Case reveals Kigali's murky feuds

18 May 2014 - 02:02 By Stephan Hofstatter
Exiled Rwandan General Faustin Kayumba Nyamwasa. File photo
Exiled Rwandan General Faustin Kayumba Nyamwasa. File photo

General Faustin Kayumba Nyamwasa stared straight ahead as the six men accused of trying to kill him shuffled into the Johannesburg Regional Court this week.

As former head of Rwanda's army and later intelligence chief, Nyamwasa was once one of the most powerful men in that country. Now he is the target of assassination attempts in South Africa. The most recent was in March. He claims they were all orchestrated by Rwanda's President Paul Kagame.

Nyamwasa's former driver, Richard Bachisa, who once helped the general to escape from Kagame, is one of the accused. He is said to have been the inside man in one of the attempted assassinations.

From 1998 to 2001, when Rwanda was at war with the Democratic Republic of Congo, Nyamwasa was head of the armed forces and later became intelligence chief.

After falling out with Kagame, he fled to South Africa in February 2010, claiming Kagame wanted to kill him. Bachisa took him to the Ugandan border, where Nyamwasa swam a river to reach safety.

In court papers, the state alleges that Bachisa - who followed Nyamwasa to South Africa - set up an attempted hit in June 2010 at the behest of a Rwandan military intelligence official, Captain Francis Gakwerere.

According to the papers, that attempt was made as Bachisa was driving the general into the Sandton complex where he lived. Bachisa had arranged for the alleged hit man, Hemedi Sefu, to get onto the property.

Sefu shot Nyamwasa in the stomach, then chased him with a knife until the general escaped behind a basement security gate. During the attack, Bachisa did not try to help Nyamwasa, the state alleged.

Another plot to strangle Nyamwasa in his hospital bed was foiled.

In March, gunmen overpowered the general's guards at a safe house in Observatory, Johannesburg. Nyamwasa and his wife had been warned of the attack by the police and had left the house.

Coming soon after the murder in Sandton of Rwanda's former intelligence director, Colonel Patrick Karegeya, the attack in Observatory sparked a diplomatic rift between Rwanda and South Africa.

Four Rwandan officials were expelled, including diplomats Didier Rutembesa and Claude Nikobisanzwe. In retaliation, Rwanda expelled six South African diplomats.

Nyamwasa, in an interview, blamed Kagame for ordering the attacks on him. "Who else would want to kill me? For what reason?"

Nyamwasa was convicted in absentia of terrorism in Rwanda. The country claims he was behind several grenade attacks in Kigali. He said he was the victim of a show trial.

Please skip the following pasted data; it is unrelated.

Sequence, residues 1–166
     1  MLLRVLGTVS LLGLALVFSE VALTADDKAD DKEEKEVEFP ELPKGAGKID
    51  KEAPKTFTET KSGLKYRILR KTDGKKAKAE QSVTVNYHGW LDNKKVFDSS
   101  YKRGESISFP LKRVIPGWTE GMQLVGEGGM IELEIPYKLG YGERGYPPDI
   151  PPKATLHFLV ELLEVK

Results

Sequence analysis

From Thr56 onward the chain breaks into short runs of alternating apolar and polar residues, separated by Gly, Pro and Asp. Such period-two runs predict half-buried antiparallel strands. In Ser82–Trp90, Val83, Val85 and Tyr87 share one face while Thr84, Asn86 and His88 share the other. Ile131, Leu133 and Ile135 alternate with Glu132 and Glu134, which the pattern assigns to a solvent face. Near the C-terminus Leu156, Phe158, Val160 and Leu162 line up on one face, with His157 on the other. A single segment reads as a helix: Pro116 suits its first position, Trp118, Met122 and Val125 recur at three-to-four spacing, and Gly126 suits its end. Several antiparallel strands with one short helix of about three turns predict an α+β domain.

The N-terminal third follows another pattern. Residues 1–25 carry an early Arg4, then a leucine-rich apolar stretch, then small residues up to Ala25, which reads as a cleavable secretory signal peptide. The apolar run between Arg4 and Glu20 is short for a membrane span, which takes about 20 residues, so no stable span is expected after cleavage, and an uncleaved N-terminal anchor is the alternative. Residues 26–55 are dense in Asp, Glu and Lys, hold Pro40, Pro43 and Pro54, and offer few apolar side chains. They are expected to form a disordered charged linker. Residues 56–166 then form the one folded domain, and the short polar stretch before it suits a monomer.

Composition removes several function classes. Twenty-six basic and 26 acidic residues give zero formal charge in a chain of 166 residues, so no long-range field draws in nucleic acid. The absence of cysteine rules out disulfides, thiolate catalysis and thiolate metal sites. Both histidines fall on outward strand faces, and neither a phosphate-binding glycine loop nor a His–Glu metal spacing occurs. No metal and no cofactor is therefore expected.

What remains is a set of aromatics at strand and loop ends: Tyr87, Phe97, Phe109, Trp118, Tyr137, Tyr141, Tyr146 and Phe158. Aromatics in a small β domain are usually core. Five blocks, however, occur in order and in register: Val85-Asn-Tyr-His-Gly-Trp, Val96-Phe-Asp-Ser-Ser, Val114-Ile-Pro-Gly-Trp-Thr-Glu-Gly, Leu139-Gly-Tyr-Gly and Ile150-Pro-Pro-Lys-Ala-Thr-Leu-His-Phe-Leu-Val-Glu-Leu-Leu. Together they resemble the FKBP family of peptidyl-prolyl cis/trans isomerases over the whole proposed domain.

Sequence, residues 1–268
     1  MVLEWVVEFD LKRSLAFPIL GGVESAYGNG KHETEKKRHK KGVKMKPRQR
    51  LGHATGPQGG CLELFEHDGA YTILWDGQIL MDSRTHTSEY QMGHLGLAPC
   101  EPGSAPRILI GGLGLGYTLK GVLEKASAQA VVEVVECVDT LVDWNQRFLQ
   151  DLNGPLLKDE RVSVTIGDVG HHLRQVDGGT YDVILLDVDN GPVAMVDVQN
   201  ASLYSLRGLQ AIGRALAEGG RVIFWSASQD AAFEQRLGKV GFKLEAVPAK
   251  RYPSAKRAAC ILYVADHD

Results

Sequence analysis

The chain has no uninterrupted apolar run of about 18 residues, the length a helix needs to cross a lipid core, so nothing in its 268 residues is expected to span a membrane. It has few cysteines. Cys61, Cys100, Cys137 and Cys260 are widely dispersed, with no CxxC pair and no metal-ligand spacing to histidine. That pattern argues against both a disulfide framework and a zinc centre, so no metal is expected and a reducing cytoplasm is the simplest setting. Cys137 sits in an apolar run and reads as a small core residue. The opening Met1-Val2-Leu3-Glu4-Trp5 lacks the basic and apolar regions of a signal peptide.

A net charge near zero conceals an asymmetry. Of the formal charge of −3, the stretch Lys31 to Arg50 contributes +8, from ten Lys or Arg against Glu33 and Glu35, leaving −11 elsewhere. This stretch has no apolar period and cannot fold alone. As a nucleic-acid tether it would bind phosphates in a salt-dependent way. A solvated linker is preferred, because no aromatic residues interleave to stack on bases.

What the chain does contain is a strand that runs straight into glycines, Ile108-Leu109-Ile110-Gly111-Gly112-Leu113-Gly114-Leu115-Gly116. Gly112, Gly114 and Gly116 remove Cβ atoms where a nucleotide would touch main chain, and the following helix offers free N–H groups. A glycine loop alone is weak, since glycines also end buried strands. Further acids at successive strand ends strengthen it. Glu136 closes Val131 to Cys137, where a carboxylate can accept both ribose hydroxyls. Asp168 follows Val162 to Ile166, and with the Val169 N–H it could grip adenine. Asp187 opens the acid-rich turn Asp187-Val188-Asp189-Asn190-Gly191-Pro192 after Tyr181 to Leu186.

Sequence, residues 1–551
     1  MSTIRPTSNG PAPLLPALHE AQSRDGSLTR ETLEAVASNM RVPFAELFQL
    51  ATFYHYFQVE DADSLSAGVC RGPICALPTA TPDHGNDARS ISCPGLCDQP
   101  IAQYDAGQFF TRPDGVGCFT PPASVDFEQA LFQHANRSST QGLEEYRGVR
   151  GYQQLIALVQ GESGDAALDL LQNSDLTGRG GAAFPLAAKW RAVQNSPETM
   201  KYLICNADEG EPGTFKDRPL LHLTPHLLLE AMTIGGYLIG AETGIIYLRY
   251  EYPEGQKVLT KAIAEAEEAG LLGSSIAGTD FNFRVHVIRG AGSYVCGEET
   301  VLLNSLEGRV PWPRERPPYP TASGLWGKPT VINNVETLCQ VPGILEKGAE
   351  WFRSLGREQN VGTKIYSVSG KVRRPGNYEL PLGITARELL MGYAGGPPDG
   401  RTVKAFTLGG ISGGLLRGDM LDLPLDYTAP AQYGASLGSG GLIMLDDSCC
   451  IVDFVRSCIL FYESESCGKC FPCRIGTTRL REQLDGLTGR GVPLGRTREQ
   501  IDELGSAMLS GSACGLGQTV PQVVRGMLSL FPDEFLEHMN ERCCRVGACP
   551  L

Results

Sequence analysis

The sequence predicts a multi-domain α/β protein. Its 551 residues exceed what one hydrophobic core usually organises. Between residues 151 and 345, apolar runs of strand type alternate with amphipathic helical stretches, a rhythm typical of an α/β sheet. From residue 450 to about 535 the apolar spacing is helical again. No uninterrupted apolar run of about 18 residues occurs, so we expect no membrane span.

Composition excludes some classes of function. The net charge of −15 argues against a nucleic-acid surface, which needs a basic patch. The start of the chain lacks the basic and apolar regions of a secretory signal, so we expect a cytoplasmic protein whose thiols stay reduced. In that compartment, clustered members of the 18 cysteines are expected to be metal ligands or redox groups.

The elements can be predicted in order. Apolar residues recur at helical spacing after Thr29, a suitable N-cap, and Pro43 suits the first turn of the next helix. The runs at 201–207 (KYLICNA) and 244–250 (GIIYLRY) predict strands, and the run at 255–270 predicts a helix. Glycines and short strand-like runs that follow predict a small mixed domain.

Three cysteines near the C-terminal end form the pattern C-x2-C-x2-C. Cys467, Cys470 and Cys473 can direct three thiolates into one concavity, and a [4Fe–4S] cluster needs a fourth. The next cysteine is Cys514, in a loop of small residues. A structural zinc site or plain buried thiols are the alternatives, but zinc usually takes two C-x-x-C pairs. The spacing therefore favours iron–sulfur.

Nyamwasa, a founding member with Karegeya of the Rwandan National Congress (RNC) opposition movement, said: "If I wanted to fight Paul Kagame, I would go for open war.

"But, having been part of an armed struggle, I know that this is not the method I would use now.

"Yes, I would support a popular insurrection, like in Tunisia, but not an armed struggle."

France and Spain have issued arrest warrants for Nyamwasa, accusing him of war crimes. France also wants him to testify in its investigation into the shooting down of an aircraft carrying former Rwandan president Juvenal Habyarimana that sparked the 1994 genocide.

Frank Ntwali, the RNC's chairman in Africa, said that, as the ruling party's intelligence chief in 1994, Nyamwasa was briefed about Kagame's plot to shoot down the aircraft.

"Kagame shot down that plane and knew what it would unleash," said Ntwali.

Nyamwasa said he would only talk about the attack before a judge.

A senior diplomatic source said that the Rwandan government had sent an envoy to Pretoria pleading that Nyamwasa and Ntwali not be sent to Spain or France because Kagame was afraid they would "spill the beans".

President Jacob Zuma held talks with Kagame at a summit in Luanda, Angola, on March 25. Rwanda pledged to provide evidence of Nyamwasa's terror plots and South Africa agreed to provide evidence of Rwandan officials' involvement in the assassination plots.

Rwanda's high commissioner to South Africa, Vincent Karega, said claims that Kagame was assassinating his opponents were "all lies and propaganda", part of the RNC's campaign to topple a democratically elected government. "Nyamwasa mismanaged the army and planned to overthrow the state. When he was called to account, he ran away," said Karega.